The RadRunner from Rad Power Bikes is part cargo bike, part scooter, part ebike, and all fun. The unique design is easy to ride, very flexible for carrying gear, kids or small adults, and has a ton of accessories available.
First, the specs.
- 750W brushless Bafang geared hub motor
- 25-45 miles per charge
- pedal assist up to 20 mph
- 48V, 14 Ah lithium-ion battery
- 5-6 hours to charge
- 300-pound capacity, 120-pound passenger/cargo capacity
- 65 pounds
- Half-twist throttle
- Tektro mechanical disc brakes
- exclusive Kenda K-Rad 20” x 3.3” with K-Shield puncture-resistant liner
- Built-in rear rack
- 4-speed controller with power on/off and light controls
Note: we tested the 500W motor version
The first impression you get from the RadRunner is fun and easy to ride. It’s hard not to bump up the assist level to 4 or just twist the throttle and be cruising down the road. The RadRunner is pedal assist with power levels 0 to 4. It’s also got a throttle so without any pedaling at all, you can be zipping off from a stop. This is especially handy going up hills or just getting the 65-pound bike moving from a stop. With the throttle, the RadRunner is a Class 2 ebike which are not allowed in some areas. Check your area before buying it.
The tested version had a 500-watt geared hub motor but the version in the US is 750 watts. Only the steepest hills slowed down the 500-watt motor. The 750-watt version would handle them no problem. The extra power also comes in handy when loading the bike near the 300-pound capacity, either with a passenger or cargo on the front and rear rack or in the center console.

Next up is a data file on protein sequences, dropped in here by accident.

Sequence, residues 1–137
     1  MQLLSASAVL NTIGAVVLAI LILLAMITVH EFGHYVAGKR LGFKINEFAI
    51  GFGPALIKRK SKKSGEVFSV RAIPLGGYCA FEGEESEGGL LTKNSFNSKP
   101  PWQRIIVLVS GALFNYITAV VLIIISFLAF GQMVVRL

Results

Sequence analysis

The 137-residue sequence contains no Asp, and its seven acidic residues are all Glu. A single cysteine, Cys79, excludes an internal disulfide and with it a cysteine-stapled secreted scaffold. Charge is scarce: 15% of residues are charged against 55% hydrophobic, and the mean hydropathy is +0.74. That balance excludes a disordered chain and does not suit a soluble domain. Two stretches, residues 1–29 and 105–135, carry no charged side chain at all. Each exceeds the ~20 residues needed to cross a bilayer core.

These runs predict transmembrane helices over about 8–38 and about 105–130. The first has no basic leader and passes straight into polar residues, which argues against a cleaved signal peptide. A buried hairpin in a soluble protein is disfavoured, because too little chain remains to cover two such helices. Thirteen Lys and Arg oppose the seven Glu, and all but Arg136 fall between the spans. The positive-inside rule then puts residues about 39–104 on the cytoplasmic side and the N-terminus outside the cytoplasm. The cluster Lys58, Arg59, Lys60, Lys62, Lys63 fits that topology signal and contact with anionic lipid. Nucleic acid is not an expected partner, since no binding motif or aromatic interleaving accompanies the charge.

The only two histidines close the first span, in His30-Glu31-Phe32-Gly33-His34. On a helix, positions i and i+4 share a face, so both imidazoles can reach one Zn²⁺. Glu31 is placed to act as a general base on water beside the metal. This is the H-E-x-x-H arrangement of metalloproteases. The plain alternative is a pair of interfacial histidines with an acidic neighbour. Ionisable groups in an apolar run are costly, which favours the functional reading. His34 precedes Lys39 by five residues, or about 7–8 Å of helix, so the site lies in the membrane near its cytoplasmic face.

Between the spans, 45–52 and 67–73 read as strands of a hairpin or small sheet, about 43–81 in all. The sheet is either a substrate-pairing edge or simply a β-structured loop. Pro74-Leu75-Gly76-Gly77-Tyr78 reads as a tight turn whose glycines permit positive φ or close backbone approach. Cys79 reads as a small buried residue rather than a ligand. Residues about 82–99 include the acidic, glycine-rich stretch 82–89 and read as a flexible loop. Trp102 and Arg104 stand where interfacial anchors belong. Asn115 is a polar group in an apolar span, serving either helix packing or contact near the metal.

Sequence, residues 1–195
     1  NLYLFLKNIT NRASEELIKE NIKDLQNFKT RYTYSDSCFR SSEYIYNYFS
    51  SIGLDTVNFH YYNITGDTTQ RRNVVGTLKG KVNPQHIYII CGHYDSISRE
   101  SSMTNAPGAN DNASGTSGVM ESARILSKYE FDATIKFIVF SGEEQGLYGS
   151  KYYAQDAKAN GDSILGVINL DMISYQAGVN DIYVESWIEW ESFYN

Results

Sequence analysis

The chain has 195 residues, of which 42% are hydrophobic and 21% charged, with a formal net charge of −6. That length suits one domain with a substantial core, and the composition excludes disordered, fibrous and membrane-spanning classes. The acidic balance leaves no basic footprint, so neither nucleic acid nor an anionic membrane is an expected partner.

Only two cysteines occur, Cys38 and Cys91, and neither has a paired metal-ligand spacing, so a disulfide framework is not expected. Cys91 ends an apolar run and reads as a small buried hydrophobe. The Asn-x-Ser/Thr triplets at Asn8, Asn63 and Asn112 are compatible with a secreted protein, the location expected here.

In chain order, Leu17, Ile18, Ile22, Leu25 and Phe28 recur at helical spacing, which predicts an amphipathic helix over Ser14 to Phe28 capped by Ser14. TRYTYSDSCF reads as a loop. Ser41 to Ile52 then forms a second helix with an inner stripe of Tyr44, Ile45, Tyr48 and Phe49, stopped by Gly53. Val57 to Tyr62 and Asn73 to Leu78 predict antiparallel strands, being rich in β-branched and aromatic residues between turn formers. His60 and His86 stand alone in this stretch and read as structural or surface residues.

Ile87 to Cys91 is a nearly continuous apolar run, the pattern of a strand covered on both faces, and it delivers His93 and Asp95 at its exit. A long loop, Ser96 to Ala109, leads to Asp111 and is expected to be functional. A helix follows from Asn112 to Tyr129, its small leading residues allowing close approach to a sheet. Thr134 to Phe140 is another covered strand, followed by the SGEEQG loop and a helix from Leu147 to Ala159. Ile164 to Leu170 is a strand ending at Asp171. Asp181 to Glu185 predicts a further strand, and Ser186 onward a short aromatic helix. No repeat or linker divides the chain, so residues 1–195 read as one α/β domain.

The controls on the RadRunner are simple and easy to use. One small control panel has four buttons: on/off, power up, power down, lights on/off. The slightly raised buttons are easy to find with one hand without looking though I did turn the bike off a few times accidentally with gloves on.
The pedal assist level is clearly shown on the front of the screen while the battery charge remaining is on the top. One thing I did miss compared to other ebikes is a speedometer, though it keeps the cost lower. This could be easily resolved with an easy add-on later or just mounting a phone.
With the sort-of fat tires and cargo-type build of the RadRunner, I thought it would feel bigger and slower to maneuver. It’s quite the opposite. The RadRunner feels like a small nimble bike thanks to the smaller diameter tires. Standard pressure for the tires keeps them rolling easily on the road.
With no front suspension, bumps come straight through the handlebar and seat, but small road bumps didn’t seem to bother it. Riding through potholes or on dirt roads was tough but doable. Thick treads on the tires easily were enough traction. This may be the first gravel cruiser cargo ebike?
The single-speed was enough for flats and most hills. I used the power assist levels like gears. Pedaling around on level 1 or 2 when it was flat or downhill and then bumping up the assist for heading up hills. The assist maxes out at 20 mph so it’s not going to win any races but it’s plenty for getting around town. In crowded or pedestrian areas, I couldn’t even get moving that fast. Gears would have been nice for moving a bit faster downhills or grind up the steeper hills. The 750-watt motor on the US version grinds through most hills very well.